Maybe, just maybe, I was able to tweak this relative’s view on public education a little bit as I talked about the student population of this specific district. I spoke of how most of these students came from foreign countries where formal schooling was not common place. They had to take the State standardized tests, possibly before they even had a handle on the English language. By the time they were finally getting into a routine at school, making friends, adjusting to the schedule, their family would find jobs elsewhere and relocate. The test scores that were published in the local newspaper were not indicative of the time, effort, skill, ability and knowledge of the students or the teachers in the district, merely, the situation of that given day.

The response…”Huh? I didn’t know that. I never thought about it that way.”

I don’t know how I thought he would respond. The others in the general vicinity kind of slinked away. Perhaps I may have ranted a bit.

We went on to talk a bit about Universal Design for Learning (UDL)  and how I’ve been working with schools and educators in NJ on implementing that framework in their classrooms. We talked about being flexible and accommodating students needs. I gave him examples of my own children needing accommodations in their classrooms and situations of when they got them and when they didn’t.

My concern was that the chit chat at my family gathering last weekend just happened to have two sides to the story. It doesn’t always. Many people, including taxpayers, are making judgements on our fellow educators that are placed in near-impossible positions. I wish I could do more to help people visualize what’s going on in today’s classrooms.

Are We Idealistic or Optimistic?

feb2009-misc-010

One of the responsibilities of my job at the CMSCE at Rutgers University is to offer sustained professional development in Universal Design for Learning (UDL). Some of the districts that I have been working with are part of a grant through the NJ Department of Education called the INCLUDE grant and some of them have taken it upon themselves to begin to embed UDL principles in their curriculum. In either case, I get the opportunity to develop a rapport with the teachers, work with them over a sustained period of time, customize the professional development to their needs and the needs of their students and in some cases have the opportunity to go into their classrooms and co teach with them.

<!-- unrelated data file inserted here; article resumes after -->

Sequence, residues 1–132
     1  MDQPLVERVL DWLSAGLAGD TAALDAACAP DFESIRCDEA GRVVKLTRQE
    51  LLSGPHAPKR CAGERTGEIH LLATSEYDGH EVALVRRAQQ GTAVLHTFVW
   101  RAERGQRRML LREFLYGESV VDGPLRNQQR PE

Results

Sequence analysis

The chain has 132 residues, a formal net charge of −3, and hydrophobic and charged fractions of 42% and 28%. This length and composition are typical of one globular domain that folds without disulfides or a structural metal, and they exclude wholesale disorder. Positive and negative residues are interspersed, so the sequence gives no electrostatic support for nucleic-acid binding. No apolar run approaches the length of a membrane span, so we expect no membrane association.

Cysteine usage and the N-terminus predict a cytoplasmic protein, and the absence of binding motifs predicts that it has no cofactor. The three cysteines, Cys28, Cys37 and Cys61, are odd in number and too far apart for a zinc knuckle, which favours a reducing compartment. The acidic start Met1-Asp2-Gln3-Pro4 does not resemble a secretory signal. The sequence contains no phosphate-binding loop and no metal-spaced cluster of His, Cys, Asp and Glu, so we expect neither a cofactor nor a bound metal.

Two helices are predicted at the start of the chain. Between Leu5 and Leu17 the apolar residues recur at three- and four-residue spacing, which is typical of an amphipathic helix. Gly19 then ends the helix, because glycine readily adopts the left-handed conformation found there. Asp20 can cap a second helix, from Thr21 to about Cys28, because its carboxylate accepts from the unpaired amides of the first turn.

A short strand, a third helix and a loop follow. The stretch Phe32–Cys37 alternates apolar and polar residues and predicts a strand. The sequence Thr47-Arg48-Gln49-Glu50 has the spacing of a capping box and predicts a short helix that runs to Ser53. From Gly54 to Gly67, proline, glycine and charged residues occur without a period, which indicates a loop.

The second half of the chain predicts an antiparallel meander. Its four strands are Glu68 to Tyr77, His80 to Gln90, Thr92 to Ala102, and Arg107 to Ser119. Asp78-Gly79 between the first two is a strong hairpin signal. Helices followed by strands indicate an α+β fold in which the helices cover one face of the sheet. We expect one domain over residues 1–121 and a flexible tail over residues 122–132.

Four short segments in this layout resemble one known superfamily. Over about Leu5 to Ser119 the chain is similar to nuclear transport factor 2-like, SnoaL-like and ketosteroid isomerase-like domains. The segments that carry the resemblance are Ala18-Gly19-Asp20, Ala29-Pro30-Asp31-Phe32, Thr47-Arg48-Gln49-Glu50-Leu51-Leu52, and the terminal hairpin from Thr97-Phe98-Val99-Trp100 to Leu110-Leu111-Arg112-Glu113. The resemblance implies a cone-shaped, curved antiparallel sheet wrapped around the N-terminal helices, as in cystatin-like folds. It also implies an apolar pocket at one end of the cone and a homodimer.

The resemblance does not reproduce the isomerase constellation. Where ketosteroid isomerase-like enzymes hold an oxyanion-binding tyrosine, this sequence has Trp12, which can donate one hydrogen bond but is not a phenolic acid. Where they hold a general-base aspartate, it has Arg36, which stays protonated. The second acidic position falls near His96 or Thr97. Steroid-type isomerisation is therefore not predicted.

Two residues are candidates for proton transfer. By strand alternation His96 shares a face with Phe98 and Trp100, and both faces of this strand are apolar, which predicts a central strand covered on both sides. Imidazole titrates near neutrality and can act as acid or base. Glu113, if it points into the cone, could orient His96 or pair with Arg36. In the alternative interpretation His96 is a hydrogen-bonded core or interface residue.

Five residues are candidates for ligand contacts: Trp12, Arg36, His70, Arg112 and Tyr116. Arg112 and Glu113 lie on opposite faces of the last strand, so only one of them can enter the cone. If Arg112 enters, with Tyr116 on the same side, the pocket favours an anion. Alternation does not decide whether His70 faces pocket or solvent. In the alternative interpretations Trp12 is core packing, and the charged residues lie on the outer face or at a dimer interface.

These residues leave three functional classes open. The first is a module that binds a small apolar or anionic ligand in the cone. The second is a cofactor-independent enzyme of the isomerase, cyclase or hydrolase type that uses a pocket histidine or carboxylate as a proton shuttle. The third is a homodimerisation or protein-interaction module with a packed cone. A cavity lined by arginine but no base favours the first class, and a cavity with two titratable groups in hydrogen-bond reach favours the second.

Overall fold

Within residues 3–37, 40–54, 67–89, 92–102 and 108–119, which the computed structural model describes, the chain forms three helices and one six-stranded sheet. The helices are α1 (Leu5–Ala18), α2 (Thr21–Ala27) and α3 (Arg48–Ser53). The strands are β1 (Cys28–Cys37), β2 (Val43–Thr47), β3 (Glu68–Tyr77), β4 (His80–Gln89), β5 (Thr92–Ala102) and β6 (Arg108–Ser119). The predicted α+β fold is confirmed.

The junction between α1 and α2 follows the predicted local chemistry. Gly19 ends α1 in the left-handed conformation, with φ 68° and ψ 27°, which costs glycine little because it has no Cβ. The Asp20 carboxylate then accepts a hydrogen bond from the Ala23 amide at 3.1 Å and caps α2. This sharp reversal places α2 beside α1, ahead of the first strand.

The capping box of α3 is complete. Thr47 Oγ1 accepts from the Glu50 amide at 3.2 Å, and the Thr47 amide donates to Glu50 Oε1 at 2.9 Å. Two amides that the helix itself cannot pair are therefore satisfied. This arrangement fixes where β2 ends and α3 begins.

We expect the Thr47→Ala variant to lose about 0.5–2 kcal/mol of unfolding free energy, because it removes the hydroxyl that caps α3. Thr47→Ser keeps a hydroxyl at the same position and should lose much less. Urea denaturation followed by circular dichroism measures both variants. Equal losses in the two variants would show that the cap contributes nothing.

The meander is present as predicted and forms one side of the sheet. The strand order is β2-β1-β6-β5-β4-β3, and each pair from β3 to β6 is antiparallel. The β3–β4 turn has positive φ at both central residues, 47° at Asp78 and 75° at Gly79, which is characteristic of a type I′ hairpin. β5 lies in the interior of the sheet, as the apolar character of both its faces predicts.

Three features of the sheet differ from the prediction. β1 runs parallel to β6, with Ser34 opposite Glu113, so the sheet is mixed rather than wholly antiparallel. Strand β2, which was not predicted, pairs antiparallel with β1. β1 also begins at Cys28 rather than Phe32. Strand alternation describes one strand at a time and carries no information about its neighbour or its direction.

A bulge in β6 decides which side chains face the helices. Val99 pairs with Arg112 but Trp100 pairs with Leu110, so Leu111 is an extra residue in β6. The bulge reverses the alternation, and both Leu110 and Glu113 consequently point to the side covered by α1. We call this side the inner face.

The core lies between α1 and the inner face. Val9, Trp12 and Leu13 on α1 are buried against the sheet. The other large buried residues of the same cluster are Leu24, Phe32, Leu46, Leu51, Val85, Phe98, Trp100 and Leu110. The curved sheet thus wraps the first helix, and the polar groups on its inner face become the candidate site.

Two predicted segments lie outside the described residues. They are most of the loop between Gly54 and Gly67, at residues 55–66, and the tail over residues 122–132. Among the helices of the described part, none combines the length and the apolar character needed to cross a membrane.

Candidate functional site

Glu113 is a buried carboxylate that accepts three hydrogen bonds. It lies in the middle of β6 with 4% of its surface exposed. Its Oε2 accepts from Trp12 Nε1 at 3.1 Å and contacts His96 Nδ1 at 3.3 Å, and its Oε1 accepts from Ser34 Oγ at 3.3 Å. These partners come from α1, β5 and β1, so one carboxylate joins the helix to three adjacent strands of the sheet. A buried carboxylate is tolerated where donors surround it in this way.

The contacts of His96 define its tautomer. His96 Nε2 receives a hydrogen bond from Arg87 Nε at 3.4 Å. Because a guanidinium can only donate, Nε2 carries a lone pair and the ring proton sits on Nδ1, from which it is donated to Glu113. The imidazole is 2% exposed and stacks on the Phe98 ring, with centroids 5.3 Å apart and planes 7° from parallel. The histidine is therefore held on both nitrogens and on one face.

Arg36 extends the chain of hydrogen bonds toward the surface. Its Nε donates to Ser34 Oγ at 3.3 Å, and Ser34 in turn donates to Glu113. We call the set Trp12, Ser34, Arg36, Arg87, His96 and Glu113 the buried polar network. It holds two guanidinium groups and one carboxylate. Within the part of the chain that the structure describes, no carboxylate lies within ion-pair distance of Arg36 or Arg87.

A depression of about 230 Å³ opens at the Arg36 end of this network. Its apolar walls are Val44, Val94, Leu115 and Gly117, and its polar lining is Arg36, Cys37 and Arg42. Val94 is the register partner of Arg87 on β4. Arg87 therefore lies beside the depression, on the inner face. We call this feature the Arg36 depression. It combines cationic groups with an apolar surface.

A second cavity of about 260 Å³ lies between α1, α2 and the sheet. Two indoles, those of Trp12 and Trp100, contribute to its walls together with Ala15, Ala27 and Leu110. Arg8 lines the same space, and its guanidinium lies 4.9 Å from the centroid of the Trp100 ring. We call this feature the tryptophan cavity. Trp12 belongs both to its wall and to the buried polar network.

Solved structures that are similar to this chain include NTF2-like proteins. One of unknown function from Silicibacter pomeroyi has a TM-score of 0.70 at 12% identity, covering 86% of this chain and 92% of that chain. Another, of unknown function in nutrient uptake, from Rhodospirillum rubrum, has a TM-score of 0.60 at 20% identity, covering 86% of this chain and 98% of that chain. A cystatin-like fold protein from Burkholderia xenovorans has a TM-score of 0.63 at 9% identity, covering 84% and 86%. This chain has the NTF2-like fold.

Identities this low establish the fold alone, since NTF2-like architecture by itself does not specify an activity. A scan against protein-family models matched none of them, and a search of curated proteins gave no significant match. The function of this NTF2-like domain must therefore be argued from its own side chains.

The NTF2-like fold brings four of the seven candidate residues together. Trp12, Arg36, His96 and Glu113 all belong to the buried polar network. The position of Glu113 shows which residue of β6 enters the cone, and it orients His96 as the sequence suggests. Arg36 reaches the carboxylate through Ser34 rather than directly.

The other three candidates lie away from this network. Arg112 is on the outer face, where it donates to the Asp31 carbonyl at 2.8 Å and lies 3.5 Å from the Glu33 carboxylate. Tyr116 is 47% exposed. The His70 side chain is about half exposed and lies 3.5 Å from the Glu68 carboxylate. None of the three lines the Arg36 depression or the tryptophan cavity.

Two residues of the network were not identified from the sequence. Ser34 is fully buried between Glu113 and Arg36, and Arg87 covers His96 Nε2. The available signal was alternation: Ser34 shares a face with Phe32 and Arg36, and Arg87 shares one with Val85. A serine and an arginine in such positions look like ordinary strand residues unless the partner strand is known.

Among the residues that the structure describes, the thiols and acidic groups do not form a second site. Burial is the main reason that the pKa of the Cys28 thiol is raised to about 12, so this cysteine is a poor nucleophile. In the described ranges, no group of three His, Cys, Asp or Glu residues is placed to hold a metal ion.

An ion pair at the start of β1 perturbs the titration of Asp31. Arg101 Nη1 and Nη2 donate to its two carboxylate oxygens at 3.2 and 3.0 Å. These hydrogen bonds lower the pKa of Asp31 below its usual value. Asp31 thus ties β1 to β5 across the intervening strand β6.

One of the topics that we spend a large chunk of time talking about in our professional development on UDL is removing barriers from our lessons, curriculum and classrooms so that more students can reach the objectives of the lessons. We show teachers all types of digital tools that help students decode directions using text-to-speech tools, highlighters and even something as simple as just making fonts larger. We talk about using mind maps and imagery to help visual learners. We offer the concepts of allowing students to represent that they have met the objectives of a unit by a means of their choice versus a single choice assignment or assessment.

I urge educators that are involved in UDL to make use of social bookmarking. I share my Delicious and Diigo bookmarks with them and encourage them to explore the “tag” for UDL. I try to show them the power of collaboration not just with the teachers they are working with, but with other teachers in the state and the nation that are also embracing these same techniques in their classrooms. We join conversations in the UDL4ALL Ning and look for other schools and educators that are implementing these same principles in their classrooms to share their experieinces with us.